Right off, Talvar is the kind of raw gritty uncompromising cinema that you want to send to the Oscars next year from now only.
You never know.
That is not to say it is freed of flaws. Talvar, in hindsight, is just the kind of cinema that we all love to love, and praise. It generates an enormous empathy for the parents of that poor
slain child Arushi Talwar, though for reasons best known to the the film's team, the murder victim's name and the identity of all the primary characters has been altered just enough so that we
Also, there isn't enough of the couple in the film. As the Talwars, Konkona Sen and Neeraj Kabi offer us a vivid insight into the parents' trauma. But finally we know very little of what they feel
beyond the obvious grief.
Talvar is a film that prides itself on research and detailing. And yet if you have a maidservant with plucked eyebrows and in a chicly cut blouse opening a film that purports to tell you the
truth about the Arushi Talvar murder case, you are bound to sniff something suspicious in the air.
In her pre-release interviews, director Meghna Gulzar claimed Talvar was not a film exonerating the murdered girl's parents.
This is film is pointedly designed to pitch the innocence of the Talwars, now languishing in jail for a crime that many, for the want of a better word, referred to as 'honour killing'. In graphic
sometimes, cruelly ironic detail the film wags its sensitive fingers at the law machinery that apparently botched up the case. Everyone connected with the case barring the outgoing CBI investigator
Ashvin Kumar, wanted to pin the blame on the parents. Just why there was so much anxiety in the official circles to make the parents seem culpable is none of the film's concern.
Answers are hard to find in the complex of web of lies, deceptions, conspiracies and vendetta that navigate Meghna's narrative.
In the absence of a motive to pin a motive for the murder on the parents, Talvar seems to be mocking those who went out of their way to see Arushi's parents in jail. (For those came in late,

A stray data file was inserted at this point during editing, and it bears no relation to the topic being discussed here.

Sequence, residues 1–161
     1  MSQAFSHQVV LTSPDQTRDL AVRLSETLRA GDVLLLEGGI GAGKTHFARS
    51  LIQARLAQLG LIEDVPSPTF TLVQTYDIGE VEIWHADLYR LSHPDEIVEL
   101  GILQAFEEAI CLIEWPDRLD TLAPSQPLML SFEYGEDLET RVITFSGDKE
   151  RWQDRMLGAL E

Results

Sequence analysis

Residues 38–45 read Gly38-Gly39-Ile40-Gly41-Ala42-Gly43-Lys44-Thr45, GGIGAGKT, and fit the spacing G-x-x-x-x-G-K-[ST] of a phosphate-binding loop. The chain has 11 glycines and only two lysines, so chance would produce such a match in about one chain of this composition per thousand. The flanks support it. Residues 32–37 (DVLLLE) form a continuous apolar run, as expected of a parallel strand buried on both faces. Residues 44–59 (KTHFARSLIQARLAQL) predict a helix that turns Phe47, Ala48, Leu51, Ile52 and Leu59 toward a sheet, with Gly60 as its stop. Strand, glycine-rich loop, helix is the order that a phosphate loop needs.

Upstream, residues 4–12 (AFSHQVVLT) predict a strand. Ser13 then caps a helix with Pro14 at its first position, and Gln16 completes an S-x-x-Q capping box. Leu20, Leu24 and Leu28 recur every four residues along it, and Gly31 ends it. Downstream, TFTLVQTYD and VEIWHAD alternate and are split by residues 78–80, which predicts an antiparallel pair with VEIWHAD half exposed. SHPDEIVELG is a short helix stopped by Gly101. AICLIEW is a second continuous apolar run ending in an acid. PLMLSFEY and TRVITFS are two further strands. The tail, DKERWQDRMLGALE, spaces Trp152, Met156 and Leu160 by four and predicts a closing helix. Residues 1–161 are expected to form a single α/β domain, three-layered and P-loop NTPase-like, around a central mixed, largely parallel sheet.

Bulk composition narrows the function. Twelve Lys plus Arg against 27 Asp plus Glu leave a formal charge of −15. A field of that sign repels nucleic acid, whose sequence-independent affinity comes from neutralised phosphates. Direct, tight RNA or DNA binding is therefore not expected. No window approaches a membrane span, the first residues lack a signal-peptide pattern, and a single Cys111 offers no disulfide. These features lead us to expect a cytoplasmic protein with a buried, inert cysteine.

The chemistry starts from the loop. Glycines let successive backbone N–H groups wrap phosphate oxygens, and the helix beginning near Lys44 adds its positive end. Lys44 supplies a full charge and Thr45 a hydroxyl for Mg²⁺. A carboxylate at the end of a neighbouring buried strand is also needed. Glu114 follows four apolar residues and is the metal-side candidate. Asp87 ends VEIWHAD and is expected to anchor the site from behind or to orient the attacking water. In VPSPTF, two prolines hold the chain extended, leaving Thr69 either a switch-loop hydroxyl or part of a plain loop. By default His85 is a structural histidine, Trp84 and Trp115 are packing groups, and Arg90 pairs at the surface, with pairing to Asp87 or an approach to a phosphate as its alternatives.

the Talwars are currently in jail for murdering their only daughter). The laughter at the theory suggesting how and why the Talwars killed Arushi can almost be heard in the film's background score.
Meghna Gulzar holds herself back from laughing out loud at the law enforcers. But the way the initial investigation of the murder is shown to be carried out, you can see the plot mocking the cops
in parodic pleasure. One of them is a pot-bellied pan-chewing cellphone-challenged lout straight out of a 'c' grade crime thriller.
The hero of the show is the CBI, disguised as 'CDI' officer Ashvin Kumar who while questioning the various dramatic personae in the case, likes to keep playing video games. It's an interesting
embellishment designed to create a contrast between the routine world that continues with its trashy preoccupations in the face of individual tragedy. (I am presuming it's an embellishment,
because, we've no way of telling the fact from fiction in this film and if the director and screenwriter Vishal Bhardawaj claim it's all true then we have to take their word for it).
Irrfan's character holds the nebulous strands of Meghna Gulzar's ambivalent investigative narration together. He is in fine form again, especially in the pre-finale where he crosses talvars with
his hostile colleagues in the CB...sorry DI. Soham Shah is excellent as Irrfan's turn-coat associate. And Tabu with her clenched jaws shows up as his unhappy wife only so that Meghna can pay tribute
her father's film Ijaazat.
The centrality of the murder investigation is challenged by Vishal Bharadwaj's multi-optional script. He tells us that the parents could be guilty only if judged by the grotesque investigation
conducted initially by the bumbling cops who declare it's an open and shut case. The plot's sympathies are clearly with the parents who are seen as victims of a media circus fuelled by rumours
gossip and speculation.
However, ambivalence is not a luxury but a necessity in a film examining a real-life case waiting closure. To compare the film's format with Akira Kurosawa's Roshomon is a tad illogical.
Here, the multiplicity of open endings is hardly balanced out into a reasonable gallery of options. The explanation that seems to appeal most to the screenplay is the one that left the law-
enforcing agencies most unconvinced.
To be honest, the tragedy is too enormous to be analyzed in black and white terms. This cinematic adaptation attempts to remain non-judgemental but ends up delivering sharp knocks on the collective
knuckles of the law enforcers who put the Talwars in jail after they lost their only child.
As far as unsolved whodunits go, Talvar delivers a sharply-aimed blow at conventional readings of the real-life crime. Sreekar Prasad's razor-sharp editing brings the colliding perspectives
on the murder into one solidly aligned range of vision. As Meghna Gulzar stares non-judgmentally at the wrecked lives of a well-to-do Delhi couple, we get a glimpse into the terrifying emptiness at
the centre of the human soul.
It's a place we seldom peer into. We have thank Talvar for taking us there.